Loss of genetic diversity is known to decrease the fitness of species and is a critical factor that increases extinction risk. However, there is little evidence for higher vulnerability and extinction risk in endangered species based on genomic differences between endangered and non-endangered species. This is true even in the case of functional loci, which are more likely to relate to the fitness of species than neutral loci. Here, we compared the genome-wide genetic diversity, proportion of duplicated genes (PD), and accumulation of deleterious variations of endangered island endemic (EIE) plants from four genera with those of their non-endangered (NE) widespread congeners. We focused on exhaustive sequences of expressed genes obtained by RNA sequencing. Most EIE species exhibited significantly lower genetic diversity and PD than NE species. Additionally, all endangered species accumulated deleterious variations. Our findings provide new insights into the genomic traits of EIE species.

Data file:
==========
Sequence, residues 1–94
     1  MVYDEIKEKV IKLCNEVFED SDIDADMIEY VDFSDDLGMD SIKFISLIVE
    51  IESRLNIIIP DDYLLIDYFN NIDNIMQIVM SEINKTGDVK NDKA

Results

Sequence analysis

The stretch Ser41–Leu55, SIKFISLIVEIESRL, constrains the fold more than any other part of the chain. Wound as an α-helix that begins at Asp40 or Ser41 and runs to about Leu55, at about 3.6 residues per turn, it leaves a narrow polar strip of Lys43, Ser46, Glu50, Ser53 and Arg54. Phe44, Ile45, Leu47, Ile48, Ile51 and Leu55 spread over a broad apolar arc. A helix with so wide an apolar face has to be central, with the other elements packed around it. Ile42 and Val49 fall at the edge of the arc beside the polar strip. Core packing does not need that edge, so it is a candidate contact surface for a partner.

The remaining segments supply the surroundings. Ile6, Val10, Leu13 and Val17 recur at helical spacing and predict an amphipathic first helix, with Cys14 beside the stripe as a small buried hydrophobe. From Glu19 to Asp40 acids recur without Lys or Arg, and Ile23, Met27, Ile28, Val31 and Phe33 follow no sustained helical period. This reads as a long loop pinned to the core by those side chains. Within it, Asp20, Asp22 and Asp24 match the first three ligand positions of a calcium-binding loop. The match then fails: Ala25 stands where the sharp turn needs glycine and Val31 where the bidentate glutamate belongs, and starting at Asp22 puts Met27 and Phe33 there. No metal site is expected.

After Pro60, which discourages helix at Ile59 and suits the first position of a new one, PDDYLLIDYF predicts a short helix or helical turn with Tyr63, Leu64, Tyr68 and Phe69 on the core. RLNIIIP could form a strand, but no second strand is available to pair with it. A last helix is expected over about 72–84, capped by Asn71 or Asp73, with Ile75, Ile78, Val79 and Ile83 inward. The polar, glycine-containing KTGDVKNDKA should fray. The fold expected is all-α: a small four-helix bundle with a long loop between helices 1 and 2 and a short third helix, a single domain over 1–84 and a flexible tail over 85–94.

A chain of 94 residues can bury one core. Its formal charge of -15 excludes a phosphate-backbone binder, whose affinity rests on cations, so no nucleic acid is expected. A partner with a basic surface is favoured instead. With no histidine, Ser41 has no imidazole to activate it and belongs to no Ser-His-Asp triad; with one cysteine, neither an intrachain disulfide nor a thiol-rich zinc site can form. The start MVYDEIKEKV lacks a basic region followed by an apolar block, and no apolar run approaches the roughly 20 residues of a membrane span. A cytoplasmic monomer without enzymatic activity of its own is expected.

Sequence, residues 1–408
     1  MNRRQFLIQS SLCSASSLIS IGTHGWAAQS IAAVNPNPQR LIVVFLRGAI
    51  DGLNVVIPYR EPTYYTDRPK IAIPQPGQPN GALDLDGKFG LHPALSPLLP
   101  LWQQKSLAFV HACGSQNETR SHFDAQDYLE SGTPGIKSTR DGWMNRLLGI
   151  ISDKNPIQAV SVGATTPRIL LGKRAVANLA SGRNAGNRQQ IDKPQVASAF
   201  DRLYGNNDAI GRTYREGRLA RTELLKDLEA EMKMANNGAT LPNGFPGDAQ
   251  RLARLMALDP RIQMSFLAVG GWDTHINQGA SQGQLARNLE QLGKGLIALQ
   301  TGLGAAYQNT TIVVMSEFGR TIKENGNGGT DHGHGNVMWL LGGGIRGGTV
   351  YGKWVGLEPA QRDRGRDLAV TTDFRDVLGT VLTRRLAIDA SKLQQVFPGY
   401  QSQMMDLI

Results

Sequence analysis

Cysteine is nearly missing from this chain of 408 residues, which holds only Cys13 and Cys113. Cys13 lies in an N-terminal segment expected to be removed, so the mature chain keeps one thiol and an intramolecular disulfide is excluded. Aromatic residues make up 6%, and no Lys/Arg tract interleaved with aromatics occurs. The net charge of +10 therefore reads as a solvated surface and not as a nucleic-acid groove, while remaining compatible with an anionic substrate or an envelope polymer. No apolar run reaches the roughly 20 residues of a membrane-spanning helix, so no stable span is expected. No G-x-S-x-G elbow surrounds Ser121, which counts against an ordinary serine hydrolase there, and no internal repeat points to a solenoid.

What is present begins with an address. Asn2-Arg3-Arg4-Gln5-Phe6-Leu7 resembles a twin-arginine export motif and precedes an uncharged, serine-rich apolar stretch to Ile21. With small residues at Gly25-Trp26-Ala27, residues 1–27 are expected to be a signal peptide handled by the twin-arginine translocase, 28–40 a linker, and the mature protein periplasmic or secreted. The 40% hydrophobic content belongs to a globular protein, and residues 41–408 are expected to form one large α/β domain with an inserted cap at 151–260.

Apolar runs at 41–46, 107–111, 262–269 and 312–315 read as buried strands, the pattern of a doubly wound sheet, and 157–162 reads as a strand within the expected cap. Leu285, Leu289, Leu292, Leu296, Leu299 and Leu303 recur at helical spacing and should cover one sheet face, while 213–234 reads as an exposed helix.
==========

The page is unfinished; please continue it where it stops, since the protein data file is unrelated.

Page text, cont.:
Endangered Species Proportion Of Duplicated Genes Loss Of Genetic Diversity Increases Extinction Risk Non-endangered Species Widespread Congeners Fitness Of Species Genetic Diversity Neutral Loci Deleterious Variations
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Round-ups are the summaries of handpicked papers around trending topics published every week. These would enable you to scan through a collection of papers and decide if the paper is relevant to you before actually investing time into reading it.
Climate change Research Articles published between Jan 23, 2023 to Jan 29, 2023
Jan 30, 2023
Articles Included: 3
Climate change adaptation has shifted from a single-dimension to an integrative approach that aligns with vulnerability and resilience concepts. Adapt...Read More
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